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Barack Obama’s $400K: dimming hope for change


It’s hard to focus on anything in national politics right now other than the Republicans’ attack on health care, but I can’t shake off my frustration with the former president.

Frustration and deep, deep disappointment.

I don’t know how I thought Barack Obama would spend the first year after leaving the White House. Certainly public speaking, on issues he cares deeply about, would be logical. But I sure never imagined this:
Obama is being paid $400,000 for a single speech at a health-care conference sponsored by the investment banking firm Cantor Fitzgerald.

Media reports say the event is private, so you and I likely won’t learn what he says (unless somebody surreptitiously records it and posts it online). Who’ll be there to hear him? Cantor Fitzgerald, says the New York Times, “hopes to woo wealthy investors, mutual fund representatives, and hedge fund executives to the conference.”

The Cantor Fitzgerald folks aren’t paying Obama for his speaking ability. They’re not paying him because the firm’s leaders think he’ll say something newsworthy about health care. They’re not paying him out of the goodness of their hearts in order to educate the wealthy investors, mutual fund reps, and hedge fund execs who show up.

They’re paying Barack Obama just to be there. So the wealthy investors, mutual fund reps, and hedge fund execs can say they’ve heard him, have been part of an exclusive group in the very same room with him.
They’re paying him to burnish the image of Cantor Fitzgerald. To score points with those wealthy investors, mutual fund reps, and hedge fund execs.

To make money for Cantor Fitzgerald.

Barack Obama is selling his face, his presence, his aura, for $400,000 a pop. And he’s worth $400,000 for one reason only: because the American people elected him president.

I am absolutely dismayed.

Some Obama supporters have argued that there’s nothing wrong with Obama accepting that kind of fee. Cantor Fitzgerald isn’t paying him in order to curry favors, those supporters say. It’s not trying to bribe him so he’ll support policies that’ll benefit them. He’s no longer in office, and he won’t be running for elected office in the future. So the money’s clean.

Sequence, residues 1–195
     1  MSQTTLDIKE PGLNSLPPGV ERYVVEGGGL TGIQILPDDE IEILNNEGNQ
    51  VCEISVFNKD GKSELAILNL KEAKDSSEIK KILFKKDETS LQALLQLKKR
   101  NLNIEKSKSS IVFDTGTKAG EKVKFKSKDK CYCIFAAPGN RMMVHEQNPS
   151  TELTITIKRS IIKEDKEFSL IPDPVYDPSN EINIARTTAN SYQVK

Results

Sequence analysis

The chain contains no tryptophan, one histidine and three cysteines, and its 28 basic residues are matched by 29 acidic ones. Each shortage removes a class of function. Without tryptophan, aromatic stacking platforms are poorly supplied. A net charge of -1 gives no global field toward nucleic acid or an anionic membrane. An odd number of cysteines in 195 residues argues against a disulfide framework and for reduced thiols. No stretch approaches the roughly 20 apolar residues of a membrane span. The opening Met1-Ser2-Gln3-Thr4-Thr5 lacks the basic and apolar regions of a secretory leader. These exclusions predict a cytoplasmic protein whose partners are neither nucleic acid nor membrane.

Balderdash. That’s not the problem.

First of all, there’s a point at which, morally, enough money is simply enough. More is, well, obscene. And $400,000 for a single speech is obscene. (And yes, so is the $60 million that Penguin Random House is paying Barack and Michele Obama for a book deal.)

Perhaps just as serious: Obama has done a great disservice to his political party. The Democrats had been attracting not only young voters recently but also young people interested in being involved in politics. Bernie Sanders had managed to reignite the young-voter enthusiasm that Obama had generated. Many of those voters stuck with the Democratic Party for the general election, despite their very grave concerns about Hillary Clinton.

Clinton had seemed too elitist, too removed from the concerns of ordinary people. Too tied to wealthy interests. Republicans weren’t the only voters with those concerns, and Clinton’s closed-door speeches to Wall Street firms magnified the problem.

(Note that in the key states of Wisconsin, Pennsylvania, and Michigan, enough voters chose Green Party candidate Jill Stein that it cost Clinton the Electoral College vote.)

The Democratic Party desperately needs to change its message – and its heart. Barack Obama could have led that change. But his post-presidency deals make him look like a Clinton Democrat, not a Democrat of hope and change.

I know, I know: Why shouldn’t our first black president get to cash in like other former presidents? Why the higher standard for a black former president than for a white one?

But there’s no “higher standard.” It’s the same standard. The former presidents who cashed in on their voter-granted fame failed to meet it. Now Obama has, too.